I finally had the opportunity last week to drive the brilliantly engineered but now redundant road over the pass by Mount Alan. The landscape is ravishingly lovely. The brilliant white limestone has been sculpted by aeons of rainfall into spectacular, rounded forms that seem almost organic. On the seaward side of the Velebit range Juniper and Hornbeam have been topiarised by the incessant wind into rock-hugging blankets that obscure all sharp edges and accentuate the spine-tingling sense that the entire mountain is alive.
I drove the road from south to north and immediately encountered signs indicating that the land is still littered with landmines, fifteen years after the end of the fighting in this part of Croatia.
Further along the road frequent memorials appeared, dedicated to the men who died here trying to kill similar young men on the other side. It is really impossible for an outsider like me to understand what drove the politicians who sent so many ignorant, innocent soldiers and civilians to their deaths, in the name of an independent Croatia or Krajina. Nationalism is surely a deadlier virus than any of the other plagues to which our biology make us vulnerable. It has proven over the centuries unbelievably easy for charismatic leaders to unite a people against a manufactured foe of 'others', in pursuit of the leader's ambitions. Here is one poignant shrine, nearly at the highest point on the road.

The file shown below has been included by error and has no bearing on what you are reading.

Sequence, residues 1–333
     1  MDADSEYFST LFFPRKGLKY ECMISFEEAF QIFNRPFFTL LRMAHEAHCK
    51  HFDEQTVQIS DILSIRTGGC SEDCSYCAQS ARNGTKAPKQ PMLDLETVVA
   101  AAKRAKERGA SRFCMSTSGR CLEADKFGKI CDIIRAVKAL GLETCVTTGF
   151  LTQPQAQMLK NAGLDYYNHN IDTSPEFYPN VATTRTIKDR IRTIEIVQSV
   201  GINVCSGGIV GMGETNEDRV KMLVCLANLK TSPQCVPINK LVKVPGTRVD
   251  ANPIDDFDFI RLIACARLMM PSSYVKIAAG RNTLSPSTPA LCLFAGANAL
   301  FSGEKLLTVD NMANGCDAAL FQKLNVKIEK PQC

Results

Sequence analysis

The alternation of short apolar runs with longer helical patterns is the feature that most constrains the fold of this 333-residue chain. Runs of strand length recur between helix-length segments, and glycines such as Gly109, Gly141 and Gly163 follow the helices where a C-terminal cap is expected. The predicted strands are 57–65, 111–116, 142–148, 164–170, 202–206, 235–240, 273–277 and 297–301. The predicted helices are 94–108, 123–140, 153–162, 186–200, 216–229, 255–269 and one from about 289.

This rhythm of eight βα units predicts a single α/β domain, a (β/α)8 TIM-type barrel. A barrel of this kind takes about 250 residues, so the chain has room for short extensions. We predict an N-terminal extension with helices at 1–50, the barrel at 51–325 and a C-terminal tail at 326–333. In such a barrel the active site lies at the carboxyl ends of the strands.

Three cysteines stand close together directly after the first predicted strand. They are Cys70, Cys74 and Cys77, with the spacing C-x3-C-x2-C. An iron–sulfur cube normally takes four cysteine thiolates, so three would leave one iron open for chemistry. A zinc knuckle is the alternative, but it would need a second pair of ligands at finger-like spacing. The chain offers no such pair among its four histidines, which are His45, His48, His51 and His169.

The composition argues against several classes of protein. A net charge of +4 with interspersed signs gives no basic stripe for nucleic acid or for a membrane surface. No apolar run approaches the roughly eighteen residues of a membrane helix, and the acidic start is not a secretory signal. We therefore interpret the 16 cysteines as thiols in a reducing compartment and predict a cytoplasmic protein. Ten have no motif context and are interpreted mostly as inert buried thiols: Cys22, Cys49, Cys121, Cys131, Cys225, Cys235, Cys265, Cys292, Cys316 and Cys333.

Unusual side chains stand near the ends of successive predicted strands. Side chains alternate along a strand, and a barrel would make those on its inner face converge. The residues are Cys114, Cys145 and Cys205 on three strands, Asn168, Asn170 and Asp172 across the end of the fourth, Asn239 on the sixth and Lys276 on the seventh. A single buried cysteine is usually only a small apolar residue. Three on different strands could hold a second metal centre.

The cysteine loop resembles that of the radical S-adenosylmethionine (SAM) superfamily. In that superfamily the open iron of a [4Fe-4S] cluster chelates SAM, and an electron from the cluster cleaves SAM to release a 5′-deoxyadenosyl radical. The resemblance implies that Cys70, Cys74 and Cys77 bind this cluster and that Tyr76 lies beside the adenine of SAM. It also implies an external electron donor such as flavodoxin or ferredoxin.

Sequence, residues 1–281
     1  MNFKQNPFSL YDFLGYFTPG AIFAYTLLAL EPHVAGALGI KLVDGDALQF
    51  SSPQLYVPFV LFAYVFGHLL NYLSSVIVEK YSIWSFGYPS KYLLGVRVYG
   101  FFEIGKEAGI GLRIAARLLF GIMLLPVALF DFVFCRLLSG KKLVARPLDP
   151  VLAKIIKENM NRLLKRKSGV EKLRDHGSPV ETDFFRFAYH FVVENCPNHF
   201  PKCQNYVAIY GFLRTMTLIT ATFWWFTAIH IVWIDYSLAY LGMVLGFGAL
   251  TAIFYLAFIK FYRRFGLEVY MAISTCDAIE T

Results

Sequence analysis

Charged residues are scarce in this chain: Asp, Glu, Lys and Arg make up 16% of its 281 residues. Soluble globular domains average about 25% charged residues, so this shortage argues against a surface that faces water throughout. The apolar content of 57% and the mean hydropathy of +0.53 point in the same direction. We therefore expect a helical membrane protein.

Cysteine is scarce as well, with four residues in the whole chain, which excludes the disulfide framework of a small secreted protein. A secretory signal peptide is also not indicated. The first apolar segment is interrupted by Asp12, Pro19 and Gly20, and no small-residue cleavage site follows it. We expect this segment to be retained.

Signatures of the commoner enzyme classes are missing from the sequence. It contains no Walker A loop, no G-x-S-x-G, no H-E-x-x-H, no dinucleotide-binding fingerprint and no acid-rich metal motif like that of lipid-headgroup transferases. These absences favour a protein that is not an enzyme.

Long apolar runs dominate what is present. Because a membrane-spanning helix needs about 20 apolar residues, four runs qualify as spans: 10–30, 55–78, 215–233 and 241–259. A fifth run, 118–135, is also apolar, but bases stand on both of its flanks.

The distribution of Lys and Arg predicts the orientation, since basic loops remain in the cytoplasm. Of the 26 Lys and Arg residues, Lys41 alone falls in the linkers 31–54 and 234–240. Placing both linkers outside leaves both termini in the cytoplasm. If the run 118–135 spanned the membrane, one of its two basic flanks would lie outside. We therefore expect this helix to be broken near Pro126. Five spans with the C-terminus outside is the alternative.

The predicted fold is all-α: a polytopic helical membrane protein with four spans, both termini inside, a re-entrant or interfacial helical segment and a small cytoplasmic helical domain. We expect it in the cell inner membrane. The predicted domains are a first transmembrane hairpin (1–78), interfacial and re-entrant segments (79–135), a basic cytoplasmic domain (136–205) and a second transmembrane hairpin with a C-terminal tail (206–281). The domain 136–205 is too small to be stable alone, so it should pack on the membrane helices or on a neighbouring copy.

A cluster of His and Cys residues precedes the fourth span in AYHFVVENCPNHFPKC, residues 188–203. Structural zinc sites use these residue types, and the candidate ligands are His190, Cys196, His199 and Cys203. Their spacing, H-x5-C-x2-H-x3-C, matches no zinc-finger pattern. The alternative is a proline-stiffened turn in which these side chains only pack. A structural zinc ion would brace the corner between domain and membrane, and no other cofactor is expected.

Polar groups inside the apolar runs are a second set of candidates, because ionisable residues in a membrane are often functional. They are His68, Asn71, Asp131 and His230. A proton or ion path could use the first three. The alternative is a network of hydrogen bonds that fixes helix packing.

I saw only one other vehicle on the road, parked, with two men standing beside it gazing out at the view. They smiled at me as I passed. All the dwellings, bar one, had been destroyed.
Driving the few miles of this road took me a couple of hours. The juxtaposition of astonishing natural beauty and the sense that evil had been done here was mind-bending (for the avoidance of doubt, I don't intend the word 'sense' to be understood in a supernatural sense, but I've never been anywhere else where the intuition that truly awful acts had been committed was so tangible).